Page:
There are many factors to consider in presenting a dental treatment plan and gaining case acceptance. The dentist may feel the burden of being solely responsible. The truth is that yes, it is the responsibility of the dentist to diagnose and present treatment, but the entire team must participate.
Each team member has a role to play in case presentation and acceptance. How the patient feels before they set foot in the office, and the experience they have during their appointment, both significantly impact case acceptance. Trust in the dentist and the team is critical in a patient’s decision to proceed. Let’s discuss who the key players are and what role they play in the patient’s experience.
The Administrative Team
Case acceptance begins with the first phone call. A new patient may call with a concern about a tooth, or maybe it’s been a while since they’ve been to the dentist, and this is their first step in making healthy choices. From that first phone call there is an opportunity for the administrator to create rapport by displaying a genuine interest in their concerns. Often during this first conversation a patient expresses that they are nervous or in pain. Perhaps they haven’t been to the dentist in a long time and are embarrassed about the state of their oral health. No matter the reason, the patient must feel taken care of.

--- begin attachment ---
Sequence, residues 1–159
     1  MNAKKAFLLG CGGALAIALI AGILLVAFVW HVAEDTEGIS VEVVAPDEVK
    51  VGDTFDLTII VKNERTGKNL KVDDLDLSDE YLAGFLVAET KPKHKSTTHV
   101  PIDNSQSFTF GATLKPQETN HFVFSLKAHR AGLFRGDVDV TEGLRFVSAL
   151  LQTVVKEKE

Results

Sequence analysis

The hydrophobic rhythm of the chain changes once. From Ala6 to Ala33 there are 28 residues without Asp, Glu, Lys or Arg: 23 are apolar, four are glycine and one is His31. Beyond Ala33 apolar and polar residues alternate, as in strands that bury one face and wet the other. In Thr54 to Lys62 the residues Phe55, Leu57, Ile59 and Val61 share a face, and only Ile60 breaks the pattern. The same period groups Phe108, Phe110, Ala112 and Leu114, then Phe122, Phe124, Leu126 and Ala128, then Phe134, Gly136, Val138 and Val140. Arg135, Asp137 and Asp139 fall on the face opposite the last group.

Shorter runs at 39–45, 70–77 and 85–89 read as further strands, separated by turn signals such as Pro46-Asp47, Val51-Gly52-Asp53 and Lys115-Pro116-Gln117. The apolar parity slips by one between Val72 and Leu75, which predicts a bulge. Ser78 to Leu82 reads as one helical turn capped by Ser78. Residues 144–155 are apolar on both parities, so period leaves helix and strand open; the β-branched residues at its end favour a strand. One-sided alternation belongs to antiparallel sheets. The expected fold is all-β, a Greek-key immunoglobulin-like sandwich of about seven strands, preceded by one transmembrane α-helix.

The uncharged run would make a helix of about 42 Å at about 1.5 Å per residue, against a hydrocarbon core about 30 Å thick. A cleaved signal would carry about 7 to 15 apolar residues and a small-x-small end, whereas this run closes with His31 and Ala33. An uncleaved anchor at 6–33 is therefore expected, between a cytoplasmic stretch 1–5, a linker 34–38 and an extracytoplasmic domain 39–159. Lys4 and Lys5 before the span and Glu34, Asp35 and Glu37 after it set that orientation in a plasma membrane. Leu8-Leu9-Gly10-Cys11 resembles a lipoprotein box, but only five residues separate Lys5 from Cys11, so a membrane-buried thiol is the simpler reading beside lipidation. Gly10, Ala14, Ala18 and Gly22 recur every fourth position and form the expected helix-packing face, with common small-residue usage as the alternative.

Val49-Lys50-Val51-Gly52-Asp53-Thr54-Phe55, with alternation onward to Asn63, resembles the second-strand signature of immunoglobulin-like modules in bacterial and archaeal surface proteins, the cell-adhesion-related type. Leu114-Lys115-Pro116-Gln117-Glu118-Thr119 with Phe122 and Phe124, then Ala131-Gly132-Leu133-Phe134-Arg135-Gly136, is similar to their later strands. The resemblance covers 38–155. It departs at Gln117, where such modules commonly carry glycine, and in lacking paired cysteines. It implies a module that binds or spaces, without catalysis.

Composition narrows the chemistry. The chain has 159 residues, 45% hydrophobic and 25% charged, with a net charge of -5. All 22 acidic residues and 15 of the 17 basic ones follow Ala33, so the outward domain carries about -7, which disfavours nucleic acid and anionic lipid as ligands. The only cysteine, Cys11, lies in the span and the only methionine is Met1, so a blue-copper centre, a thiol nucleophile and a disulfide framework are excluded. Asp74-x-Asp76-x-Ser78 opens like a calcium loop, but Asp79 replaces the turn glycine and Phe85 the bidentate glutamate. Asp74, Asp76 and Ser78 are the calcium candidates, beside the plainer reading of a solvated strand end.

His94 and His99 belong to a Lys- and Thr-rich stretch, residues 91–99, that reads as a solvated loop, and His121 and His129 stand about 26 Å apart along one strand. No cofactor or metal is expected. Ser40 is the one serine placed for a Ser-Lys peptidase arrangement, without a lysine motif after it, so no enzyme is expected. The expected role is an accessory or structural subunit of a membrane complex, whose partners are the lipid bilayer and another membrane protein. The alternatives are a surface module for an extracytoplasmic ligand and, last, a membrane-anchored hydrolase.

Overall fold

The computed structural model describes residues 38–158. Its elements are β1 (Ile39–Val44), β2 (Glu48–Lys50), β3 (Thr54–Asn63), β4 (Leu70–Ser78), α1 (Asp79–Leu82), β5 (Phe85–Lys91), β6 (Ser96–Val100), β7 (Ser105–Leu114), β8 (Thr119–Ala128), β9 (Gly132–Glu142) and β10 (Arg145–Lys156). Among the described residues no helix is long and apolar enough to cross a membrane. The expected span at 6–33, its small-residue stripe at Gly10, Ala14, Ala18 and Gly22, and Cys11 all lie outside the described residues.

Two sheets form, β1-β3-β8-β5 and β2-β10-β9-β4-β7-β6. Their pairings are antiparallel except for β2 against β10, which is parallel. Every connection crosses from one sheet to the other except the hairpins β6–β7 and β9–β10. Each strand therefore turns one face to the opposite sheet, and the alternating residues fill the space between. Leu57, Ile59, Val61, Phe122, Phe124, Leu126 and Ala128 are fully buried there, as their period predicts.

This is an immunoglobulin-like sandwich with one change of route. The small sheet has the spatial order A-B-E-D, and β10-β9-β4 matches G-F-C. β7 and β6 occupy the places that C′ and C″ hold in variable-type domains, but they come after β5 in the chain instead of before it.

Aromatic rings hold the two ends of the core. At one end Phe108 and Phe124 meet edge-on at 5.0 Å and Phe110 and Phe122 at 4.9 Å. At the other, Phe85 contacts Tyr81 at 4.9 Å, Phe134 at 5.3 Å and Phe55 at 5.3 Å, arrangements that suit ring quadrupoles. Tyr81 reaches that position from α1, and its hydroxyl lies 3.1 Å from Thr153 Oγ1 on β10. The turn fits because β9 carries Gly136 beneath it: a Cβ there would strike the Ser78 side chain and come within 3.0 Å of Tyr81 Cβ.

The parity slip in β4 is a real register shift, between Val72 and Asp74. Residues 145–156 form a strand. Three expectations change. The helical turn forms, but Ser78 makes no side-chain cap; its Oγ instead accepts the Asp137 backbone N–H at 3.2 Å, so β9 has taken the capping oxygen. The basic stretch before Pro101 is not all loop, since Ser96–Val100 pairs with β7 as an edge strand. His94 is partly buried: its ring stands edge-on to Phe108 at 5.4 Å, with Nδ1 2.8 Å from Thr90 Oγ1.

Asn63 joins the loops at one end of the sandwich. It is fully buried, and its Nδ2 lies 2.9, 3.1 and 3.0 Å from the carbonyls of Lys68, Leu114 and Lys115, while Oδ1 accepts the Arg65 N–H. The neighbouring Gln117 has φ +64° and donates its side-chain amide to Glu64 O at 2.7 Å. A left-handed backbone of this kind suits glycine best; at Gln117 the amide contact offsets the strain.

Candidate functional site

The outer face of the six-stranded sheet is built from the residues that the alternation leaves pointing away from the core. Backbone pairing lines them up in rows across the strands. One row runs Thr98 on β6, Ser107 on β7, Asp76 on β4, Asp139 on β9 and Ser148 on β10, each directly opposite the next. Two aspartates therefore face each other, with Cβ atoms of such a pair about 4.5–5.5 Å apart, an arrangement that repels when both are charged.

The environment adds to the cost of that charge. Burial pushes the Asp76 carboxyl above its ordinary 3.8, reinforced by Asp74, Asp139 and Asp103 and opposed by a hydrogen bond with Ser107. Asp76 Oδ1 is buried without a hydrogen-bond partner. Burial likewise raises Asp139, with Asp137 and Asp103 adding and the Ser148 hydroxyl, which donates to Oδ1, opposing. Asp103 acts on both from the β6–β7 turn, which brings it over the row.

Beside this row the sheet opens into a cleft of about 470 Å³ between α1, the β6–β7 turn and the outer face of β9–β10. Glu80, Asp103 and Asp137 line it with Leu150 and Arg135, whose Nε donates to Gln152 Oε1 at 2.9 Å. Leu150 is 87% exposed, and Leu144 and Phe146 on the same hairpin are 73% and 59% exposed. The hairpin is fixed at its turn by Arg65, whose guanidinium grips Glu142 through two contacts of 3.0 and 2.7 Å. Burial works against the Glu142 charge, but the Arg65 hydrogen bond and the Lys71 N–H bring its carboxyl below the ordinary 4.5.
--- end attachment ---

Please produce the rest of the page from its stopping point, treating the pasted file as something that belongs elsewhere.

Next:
A warm and engaging conversation sets the tone for their visit to the office. The administrator creates a comfortable and judgment free space for the patient. Treating patients in this way becomes second nature.
Another point to discuss is the importance of passing key information to the clinical team. The information that was gathered from the phone call must be in the chart notes. The clinical team is responsible for familiarizing themselves with the patient’s concerns in advance of their appointment.
The Dental Assistant
The dental assistant is a key player in building trust and rapport with the patient. There are many opportunities to assist in presentation and acceptance with new patients, emergency patients, specific examinations and existing patients with outstanding treatment.
It’s important to be prepared for all patients by reviewing their information prior to the appointment. The dental assistant picks up where the administrator left off in creating rapport and building trust. The patient begins to feel confident that they will be well cared for, and their expectations will be met. Trust in the team is as important as trust in the dentist.
Detailed communication between team members is key when building trust and rapport with patients. Encourage your team members to remember one thing that a patient shared about themselves and dedicate a section of their chart to these personal notes. Refer to those notes in future conversations. This is especially helpful when you or a team member are treating a patient for the first time.
Stay tuned as we continue to discuss this topic further and delve into the roles of the dentist and dental hygienist.
Our team of Dental Consultants, at Tayden Consulting Inc., specialize in providing, hands-on, on-site coaching on how to create the optimal experience for your patients.
Contact us today for a free consultation! We look forward to meeting you.